# Import main CDK library as cdk import aws_cdk as cdk # Selective import of specific core classes from aws_cdk import Stack, App # Import entire module as s3 into current namespace import aws_cdk.aws_s3 as s3 # s3 can now be used to access classes it contains bucket = s3.Bucket(...) # Selective import of s3.Bucket into current namespace from aws_cdk.s3 import Bucket # Bucket can now be used to instantiate a bucket bucket = Bucket(...)

Java's imports work differently from TypeScript's. Each import statement imports either a single class name from a given package, or all classes defined in that package (using *). Classes may be accessed using either the class name by itself if it has been imported, or the qualified class name including its package.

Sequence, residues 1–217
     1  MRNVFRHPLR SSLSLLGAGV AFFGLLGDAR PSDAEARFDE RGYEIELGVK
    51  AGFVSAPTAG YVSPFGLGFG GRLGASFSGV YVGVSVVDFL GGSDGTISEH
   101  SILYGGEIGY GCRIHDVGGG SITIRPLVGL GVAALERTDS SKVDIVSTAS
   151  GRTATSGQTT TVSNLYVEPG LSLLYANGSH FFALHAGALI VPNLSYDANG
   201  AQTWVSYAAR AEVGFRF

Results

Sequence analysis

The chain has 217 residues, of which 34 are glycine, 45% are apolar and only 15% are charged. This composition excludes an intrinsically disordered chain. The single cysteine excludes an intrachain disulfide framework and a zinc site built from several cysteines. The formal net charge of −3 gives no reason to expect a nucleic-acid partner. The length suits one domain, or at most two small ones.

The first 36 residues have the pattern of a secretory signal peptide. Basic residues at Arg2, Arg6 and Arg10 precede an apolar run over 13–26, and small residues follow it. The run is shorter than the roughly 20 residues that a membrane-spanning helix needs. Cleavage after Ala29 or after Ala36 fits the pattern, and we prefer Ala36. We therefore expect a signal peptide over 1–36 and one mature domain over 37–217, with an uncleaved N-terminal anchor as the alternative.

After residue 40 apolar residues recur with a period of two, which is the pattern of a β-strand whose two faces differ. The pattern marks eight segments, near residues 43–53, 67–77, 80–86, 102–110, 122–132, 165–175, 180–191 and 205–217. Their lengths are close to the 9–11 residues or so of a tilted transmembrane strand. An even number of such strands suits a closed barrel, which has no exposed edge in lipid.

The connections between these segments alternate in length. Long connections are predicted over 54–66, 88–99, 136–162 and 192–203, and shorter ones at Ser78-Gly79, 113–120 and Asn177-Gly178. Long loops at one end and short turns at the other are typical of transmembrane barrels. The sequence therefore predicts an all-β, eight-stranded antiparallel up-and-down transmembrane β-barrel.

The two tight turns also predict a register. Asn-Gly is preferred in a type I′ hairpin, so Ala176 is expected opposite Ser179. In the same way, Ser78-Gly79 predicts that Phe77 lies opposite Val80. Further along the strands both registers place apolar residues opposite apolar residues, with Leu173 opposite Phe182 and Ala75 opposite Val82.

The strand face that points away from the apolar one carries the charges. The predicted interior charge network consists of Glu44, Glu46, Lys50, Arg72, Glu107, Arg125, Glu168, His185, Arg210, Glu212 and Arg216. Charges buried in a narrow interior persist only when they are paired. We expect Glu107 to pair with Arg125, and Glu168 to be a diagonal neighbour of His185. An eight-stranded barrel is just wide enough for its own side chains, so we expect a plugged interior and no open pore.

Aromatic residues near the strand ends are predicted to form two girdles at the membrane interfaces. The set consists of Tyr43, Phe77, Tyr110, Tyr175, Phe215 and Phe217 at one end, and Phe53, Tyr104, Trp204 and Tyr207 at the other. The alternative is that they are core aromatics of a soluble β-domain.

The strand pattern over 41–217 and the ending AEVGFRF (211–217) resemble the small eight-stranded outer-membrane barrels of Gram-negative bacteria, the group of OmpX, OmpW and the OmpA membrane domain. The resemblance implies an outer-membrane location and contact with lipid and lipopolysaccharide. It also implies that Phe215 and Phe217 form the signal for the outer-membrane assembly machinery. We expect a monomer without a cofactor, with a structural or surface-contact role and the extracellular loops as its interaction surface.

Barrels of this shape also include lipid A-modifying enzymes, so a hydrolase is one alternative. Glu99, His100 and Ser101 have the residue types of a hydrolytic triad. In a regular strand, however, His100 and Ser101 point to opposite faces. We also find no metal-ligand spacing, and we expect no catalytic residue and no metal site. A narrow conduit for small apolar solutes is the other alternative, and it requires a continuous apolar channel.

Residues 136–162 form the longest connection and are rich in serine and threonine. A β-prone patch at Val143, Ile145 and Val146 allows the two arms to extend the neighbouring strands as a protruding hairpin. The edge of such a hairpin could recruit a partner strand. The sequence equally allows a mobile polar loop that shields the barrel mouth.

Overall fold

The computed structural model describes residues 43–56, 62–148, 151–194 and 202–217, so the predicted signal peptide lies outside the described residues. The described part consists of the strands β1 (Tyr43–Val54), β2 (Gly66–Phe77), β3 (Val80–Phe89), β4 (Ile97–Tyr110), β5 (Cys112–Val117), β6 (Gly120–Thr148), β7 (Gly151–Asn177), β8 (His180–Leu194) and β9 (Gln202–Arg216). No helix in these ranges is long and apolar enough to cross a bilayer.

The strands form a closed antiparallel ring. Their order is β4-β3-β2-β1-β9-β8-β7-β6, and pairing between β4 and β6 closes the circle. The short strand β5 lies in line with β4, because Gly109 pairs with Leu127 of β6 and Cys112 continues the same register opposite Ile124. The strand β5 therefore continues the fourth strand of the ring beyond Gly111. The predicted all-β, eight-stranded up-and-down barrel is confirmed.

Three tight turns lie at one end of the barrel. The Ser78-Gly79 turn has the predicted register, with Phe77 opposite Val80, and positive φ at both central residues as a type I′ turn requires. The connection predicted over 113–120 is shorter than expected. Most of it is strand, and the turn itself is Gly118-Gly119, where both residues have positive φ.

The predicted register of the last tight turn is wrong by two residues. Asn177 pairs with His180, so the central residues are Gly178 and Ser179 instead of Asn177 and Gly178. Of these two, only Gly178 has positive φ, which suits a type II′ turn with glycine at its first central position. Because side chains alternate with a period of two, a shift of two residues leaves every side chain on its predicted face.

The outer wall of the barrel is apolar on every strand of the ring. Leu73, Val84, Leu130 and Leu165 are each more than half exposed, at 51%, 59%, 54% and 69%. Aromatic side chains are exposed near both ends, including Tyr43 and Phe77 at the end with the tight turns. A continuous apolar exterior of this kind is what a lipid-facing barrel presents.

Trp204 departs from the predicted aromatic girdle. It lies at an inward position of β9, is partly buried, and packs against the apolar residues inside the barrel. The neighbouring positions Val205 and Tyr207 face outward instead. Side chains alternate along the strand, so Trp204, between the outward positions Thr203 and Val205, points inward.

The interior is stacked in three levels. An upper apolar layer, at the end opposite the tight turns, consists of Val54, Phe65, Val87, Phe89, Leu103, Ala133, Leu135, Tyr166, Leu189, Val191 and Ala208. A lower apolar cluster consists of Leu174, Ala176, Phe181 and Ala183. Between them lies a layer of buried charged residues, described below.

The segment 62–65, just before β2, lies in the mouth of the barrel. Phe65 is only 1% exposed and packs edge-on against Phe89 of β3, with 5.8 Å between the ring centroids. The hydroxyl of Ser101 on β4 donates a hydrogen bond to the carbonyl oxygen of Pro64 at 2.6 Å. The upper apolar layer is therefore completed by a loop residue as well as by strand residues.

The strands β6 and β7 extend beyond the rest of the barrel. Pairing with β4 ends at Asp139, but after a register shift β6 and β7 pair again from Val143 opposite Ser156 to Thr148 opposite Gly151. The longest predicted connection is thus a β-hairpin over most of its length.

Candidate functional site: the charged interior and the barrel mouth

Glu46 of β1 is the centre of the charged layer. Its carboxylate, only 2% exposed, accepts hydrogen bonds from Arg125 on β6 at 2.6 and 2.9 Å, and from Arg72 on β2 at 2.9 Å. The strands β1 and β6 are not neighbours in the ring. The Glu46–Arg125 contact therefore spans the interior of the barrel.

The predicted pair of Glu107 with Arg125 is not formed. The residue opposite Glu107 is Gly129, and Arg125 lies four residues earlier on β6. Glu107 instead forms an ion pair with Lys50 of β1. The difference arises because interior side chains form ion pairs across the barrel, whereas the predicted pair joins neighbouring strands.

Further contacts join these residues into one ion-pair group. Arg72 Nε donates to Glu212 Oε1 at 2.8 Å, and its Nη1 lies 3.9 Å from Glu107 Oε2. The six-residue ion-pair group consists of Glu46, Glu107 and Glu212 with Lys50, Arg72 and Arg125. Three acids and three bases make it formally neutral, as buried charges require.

Libraries are named like for the AWS Construct Library (the main library is The Maven group ID for AWS CDK packages is

// Make certain core classes available import; import; // Make all Amazon S3 construct library classes available import*; // Make only Bucket and EventType classes available import; import; // An imported class may now be accessed using the simple class name (assuming that name // does not conflict with another class) Bucket bucket = Bucket.Builder.create(...).build(); // We can always use the qualified name of a class (including its package) even without an // import directive bucket = .build(); // Java 10 or later can use var keyword to avoid typing the type twice var bucket = .build();

In C#, you import types with the using directive. There are two styles, which give you access either all the types in the specified namespace using their plain names, or let you refer to the namespace itself using an alias.

Packages are named like for AWS Construct Library packages (the core module is Amazon.CDK).